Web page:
Disc 18 is Straight To Hell/Should I Stay Or Should I Go.
Released just three months after Rock The Casbah, a lot had changed for The Clash in the summer of 1982, not least the fact that they had ‘cracked’ America. Combat Rock was proving to be an enduring album, going on to spend almost six months successively in the UK charts which was well beyond the time expected of any album by the band. They were now determined to get their music across to as wide an audience as possible, hence the decision to accept the task of opening for The Who at a series of outdoor stadium gigs in October 1982, although it is worth recalling that the band continued to headline at much smaller venues in the States at the same time.
The days of standing up to record company wishes to milk albums dry were also over as seen by the fact that the release of a double A single meant that exactly one-third of Combat Rock had been put out on the 45rpm format. But in saying this, there’s no argument that it is one of the band’s finest 45s.
My own preference is for Straight To Hell. As I wrote when I included it in the ICA this time last year, my view is that it an extraordinary piece of music. The very idea that one of the world’s foremost punk bands would, within just five years of their explosive and noisy debut, end up recording and releasing a song that leaned heavily on a bossa nova drumbeat devised by Topper Headon and a haunting violin sound would have been laughable.
It has a stunning and thought-provoking lyric delivered by a resigned-sounding Joe Strummer who seems devastated by the fact that musicians cannot make the world’s problems disappear.
Radio stations and the general public however, preferred the charms of Should I Stay Or Should I Go. It has a great riff, a sing-a-long and infectiously catchy chorus and the most ridiculously yet charming backing vocals in some strange version of Spanish. What’s not to like???
It famously became a huge hit all over again some nine years later after it was used in an advert to promote Levi Jeans. It went to #1 in the UK as well as Top 5 in just about every singles chart in Europe.
mp3 : The Clash – Straight To Hell (edited version)
mp3 : The Clash – Should I Stay Or Should I Go
SHOULD I STAY OR SHOULD I GO : Released 17 September 1982 : #17 in the UK singles chart; #1 on its re-release in 1991
My favourite Clash song is ‘Train In Vain’. My favourite of their singles is in that vein – ‘Should I Stay Or Should I Go’. I thought I’d heard it somewhere before (I’m not trying to be ironic). I had to buy all my Clash records until ‘Combat Rock’ which was produced by longtime Who producer Glyn Johns. I got a free one of those . It makes me feel like I’m 34 again and Spring is in the cocaine.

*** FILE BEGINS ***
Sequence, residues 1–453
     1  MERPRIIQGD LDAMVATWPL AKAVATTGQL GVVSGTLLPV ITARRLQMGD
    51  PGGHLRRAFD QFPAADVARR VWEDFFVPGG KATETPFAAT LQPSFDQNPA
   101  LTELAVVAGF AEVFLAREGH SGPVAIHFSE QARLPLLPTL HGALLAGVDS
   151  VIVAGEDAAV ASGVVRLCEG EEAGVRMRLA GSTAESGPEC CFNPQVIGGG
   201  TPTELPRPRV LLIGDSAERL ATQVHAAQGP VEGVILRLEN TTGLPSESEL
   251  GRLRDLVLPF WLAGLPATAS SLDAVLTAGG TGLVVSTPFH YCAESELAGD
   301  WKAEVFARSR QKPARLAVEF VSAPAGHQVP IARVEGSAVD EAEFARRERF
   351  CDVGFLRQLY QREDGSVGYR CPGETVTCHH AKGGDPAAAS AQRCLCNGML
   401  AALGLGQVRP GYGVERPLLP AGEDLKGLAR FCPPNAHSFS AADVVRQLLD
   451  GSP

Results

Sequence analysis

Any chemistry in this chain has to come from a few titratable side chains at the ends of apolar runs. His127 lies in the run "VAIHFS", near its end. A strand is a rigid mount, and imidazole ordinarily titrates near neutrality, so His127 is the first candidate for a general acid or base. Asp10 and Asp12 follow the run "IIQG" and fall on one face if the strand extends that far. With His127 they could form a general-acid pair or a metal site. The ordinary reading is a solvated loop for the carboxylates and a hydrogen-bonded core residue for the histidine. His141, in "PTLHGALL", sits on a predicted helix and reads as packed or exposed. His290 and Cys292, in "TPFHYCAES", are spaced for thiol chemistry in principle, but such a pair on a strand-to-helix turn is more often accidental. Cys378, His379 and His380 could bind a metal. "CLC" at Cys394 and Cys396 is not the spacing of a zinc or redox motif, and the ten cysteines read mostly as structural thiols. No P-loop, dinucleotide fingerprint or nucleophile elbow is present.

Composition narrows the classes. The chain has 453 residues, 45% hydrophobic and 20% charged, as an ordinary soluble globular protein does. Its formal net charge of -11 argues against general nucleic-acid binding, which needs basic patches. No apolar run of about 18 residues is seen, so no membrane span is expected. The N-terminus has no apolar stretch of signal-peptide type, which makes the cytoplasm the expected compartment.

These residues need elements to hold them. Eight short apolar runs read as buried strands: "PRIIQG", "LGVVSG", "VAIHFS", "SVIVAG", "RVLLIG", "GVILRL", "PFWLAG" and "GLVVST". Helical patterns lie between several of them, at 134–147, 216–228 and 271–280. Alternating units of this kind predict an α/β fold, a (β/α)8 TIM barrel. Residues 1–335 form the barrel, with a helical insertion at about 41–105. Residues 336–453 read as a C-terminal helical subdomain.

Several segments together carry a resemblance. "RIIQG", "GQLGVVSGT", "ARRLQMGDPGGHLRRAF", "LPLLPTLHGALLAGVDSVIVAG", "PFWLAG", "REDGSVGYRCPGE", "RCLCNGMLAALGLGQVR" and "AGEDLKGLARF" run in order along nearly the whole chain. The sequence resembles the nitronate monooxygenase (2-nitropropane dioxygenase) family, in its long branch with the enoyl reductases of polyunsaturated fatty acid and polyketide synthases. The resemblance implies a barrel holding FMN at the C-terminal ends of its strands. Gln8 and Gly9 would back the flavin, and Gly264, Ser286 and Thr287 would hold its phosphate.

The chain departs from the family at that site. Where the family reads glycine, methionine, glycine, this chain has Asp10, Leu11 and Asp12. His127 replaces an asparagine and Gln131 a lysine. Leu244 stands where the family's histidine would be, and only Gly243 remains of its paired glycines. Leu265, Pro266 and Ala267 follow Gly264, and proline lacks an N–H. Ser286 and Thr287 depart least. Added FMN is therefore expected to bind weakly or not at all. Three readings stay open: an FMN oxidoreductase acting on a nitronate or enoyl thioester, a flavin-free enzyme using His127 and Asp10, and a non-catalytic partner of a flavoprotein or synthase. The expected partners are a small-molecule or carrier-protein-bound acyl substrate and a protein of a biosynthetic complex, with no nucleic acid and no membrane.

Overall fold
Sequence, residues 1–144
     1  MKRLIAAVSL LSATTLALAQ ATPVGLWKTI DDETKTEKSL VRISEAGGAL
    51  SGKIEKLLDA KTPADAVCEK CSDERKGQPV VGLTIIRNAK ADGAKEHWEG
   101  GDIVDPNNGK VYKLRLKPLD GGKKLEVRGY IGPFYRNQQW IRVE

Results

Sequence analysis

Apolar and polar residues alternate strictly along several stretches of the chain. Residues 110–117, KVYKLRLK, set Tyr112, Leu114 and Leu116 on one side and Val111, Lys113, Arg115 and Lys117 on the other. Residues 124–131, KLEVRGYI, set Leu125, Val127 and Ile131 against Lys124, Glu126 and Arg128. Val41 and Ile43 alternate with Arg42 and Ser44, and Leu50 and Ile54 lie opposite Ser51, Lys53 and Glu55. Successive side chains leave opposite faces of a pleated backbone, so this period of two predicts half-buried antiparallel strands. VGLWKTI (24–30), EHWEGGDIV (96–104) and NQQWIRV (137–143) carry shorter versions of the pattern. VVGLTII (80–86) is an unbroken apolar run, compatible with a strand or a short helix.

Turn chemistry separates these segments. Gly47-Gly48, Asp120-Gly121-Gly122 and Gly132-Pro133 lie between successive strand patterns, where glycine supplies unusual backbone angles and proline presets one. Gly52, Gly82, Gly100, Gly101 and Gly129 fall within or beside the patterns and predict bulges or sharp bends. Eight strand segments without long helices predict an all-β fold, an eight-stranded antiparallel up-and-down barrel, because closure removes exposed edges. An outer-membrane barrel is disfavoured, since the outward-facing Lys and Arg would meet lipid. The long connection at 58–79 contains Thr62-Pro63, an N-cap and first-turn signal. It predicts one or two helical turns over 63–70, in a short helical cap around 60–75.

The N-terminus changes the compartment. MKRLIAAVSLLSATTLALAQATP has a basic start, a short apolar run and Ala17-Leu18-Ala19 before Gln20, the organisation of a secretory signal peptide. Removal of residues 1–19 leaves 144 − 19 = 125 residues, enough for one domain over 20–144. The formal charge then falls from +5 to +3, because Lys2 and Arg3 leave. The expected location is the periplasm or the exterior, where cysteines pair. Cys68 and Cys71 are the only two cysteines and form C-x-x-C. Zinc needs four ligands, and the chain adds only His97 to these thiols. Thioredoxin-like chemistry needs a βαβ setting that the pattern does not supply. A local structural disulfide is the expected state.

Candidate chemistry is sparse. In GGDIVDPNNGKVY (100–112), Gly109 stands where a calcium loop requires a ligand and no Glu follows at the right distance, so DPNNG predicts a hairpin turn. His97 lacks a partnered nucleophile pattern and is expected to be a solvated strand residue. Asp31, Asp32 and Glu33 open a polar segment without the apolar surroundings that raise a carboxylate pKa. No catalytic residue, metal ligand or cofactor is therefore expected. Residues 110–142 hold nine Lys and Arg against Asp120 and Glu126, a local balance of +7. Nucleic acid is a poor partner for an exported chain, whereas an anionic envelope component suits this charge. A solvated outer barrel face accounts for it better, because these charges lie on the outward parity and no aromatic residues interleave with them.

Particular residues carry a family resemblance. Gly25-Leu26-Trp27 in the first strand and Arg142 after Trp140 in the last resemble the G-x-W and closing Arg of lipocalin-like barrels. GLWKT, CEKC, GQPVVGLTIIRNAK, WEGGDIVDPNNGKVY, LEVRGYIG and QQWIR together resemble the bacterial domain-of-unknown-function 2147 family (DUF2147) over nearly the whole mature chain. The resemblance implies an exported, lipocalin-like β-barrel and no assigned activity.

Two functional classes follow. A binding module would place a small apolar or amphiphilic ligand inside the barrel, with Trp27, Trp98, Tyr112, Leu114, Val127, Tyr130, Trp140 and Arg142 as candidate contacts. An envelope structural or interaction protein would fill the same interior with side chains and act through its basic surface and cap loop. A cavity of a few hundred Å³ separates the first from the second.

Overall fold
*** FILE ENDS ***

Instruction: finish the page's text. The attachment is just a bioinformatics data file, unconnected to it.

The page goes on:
We had a junior manager called Chris Chappel who was a huge Clash fan. I invited them onto the US tour after Chris convinced our senior manager they would be good. By the end of the tour, they had broken the USA. We were playing huge stadiums on that tour and they really handled the shows well, and convinced the crowd they were real.
I adore The Clash, as I adored the Sex Pistols. Different, incompatible, not really comparable, they both felt to me like bands who (like The Jam a little later) had travelled a route laid by The Who more than any other band. The New York Dolls and the Ramones influenced British punk rock, of course, but it was our simultaneous exaltation of rock, and indifference to it, that both bands emulated, though they each had different reasons for using that particularly tortured formula. So, I have a personal pride in The Clash as I do in the Sex Pistols and The Jam.
I feel bad that I have outlived Joe Strummer, but delighted that Topper is alive, against the odds: he is an absolute sweetheart. I really admire Mick Jones and Paul Simonon too, for remaining true to their individual artistic theses. These guys made a troubled and druggy period of my life in the late 1970s and early 1980s so much happier. The Who just played at the Brighton Centre and all I could think of while we played was that I had once played with The Clash on the same stage in 1981.
Pete Townsend, The Who